At John Adams Academy, the theme of restoration is a powerful part of our mission statement where we commit to “restoring America’s heritage” by “developing servant leaders.” We find answers to questions, or quest, as we engage, internalize, and apply lessons of the past. The story of the Minotaur beckons to us to walk back into our past. When were we the most fulfilled or happiest? Why? Liberty and freedom always begin with a quest or odyssey or mission. That is where you and I come on the stage of life.
Think of Moses
Moses too retraced his steps many times. Born in the humblest of circumstances to a poor Hebrew family and obscure tribe of Levi in Judah, he was set afloat in a basket as an infant in an effort to save his life. That basket was discovered by the daughter of Pharaoh who raised him as an Egyptian prince. Yet as he grew he did not know his true identity until he had completed several quests. His first quest was to learn his true heritage.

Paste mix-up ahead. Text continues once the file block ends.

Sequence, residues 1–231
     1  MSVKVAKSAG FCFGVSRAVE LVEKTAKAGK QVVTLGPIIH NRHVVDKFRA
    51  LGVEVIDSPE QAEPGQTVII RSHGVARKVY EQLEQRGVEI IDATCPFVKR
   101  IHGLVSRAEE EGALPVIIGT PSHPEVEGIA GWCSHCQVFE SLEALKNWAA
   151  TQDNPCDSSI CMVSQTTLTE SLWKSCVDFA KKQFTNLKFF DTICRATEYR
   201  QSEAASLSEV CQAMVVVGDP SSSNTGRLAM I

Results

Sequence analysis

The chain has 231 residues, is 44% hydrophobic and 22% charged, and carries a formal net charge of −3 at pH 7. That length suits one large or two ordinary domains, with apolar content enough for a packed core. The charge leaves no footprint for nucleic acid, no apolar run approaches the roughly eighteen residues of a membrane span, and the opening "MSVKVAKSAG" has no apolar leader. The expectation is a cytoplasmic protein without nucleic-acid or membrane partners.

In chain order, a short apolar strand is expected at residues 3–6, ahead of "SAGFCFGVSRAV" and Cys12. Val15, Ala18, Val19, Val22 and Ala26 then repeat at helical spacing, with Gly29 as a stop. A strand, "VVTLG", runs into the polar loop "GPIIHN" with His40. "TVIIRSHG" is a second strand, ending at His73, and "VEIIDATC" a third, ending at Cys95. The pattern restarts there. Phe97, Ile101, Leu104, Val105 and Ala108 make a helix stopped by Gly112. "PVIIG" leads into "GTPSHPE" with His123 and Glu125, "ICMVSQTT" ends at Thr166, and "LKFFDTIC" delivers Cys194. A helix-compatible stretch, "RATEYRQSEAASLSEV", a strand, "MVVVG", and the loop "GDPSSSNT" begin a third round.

We read in Exodus 2, “And it came to pass in those days, when Moses was grown, that he went out unto his brethren, and looked on their burdens: and he spied an Egyptian smiting an Hebrew, one of his brethren. And he looked this way and that way, and when he saw that there was no man, he slew the Egyptian, and hid him in the sand. And when he went out the second day, behold, two men of the Hebrews strove together: and he said to him that did the wrong, Wherefore smitest thou thy fellow? And he said, Who made thee a prince and a judge over us? intendest thou to kill me, as thou killedst the Egyptian? And Moses feared, and said, Surely this thing is known. Now when Pharaoh heard this thing, he sought to slay Moses. But Moses fled from the face of Pharaoh, and dwelt in the land of Midian: and he sat down by a well.” (The King James Version of the Bible, Exodus 2: 11-15. E-book edition, Project Gutenberg, 2011.)
His next quest was to find a wife. While at this well he protects several women, all daughters of one man named Bethuel. Note the words of their father, “And they said, An Egyptian delivered us out of the hand of the shepherds, and also drew water enough for us, and watered the flock. And he said unto his daughters, And where is he? why is it that ye have left the man? call him, that he may eat bread. And Moses was content to dwell with the man: and he gave Moses Zipporah his daughter. And she bare him a son, and he called his name Gershom: for he said, I have been a stranger in a strange land.” (The King James Version of the Bible, Exodus 2:19-22. E-book edition, Project Gutenberg, 2011.)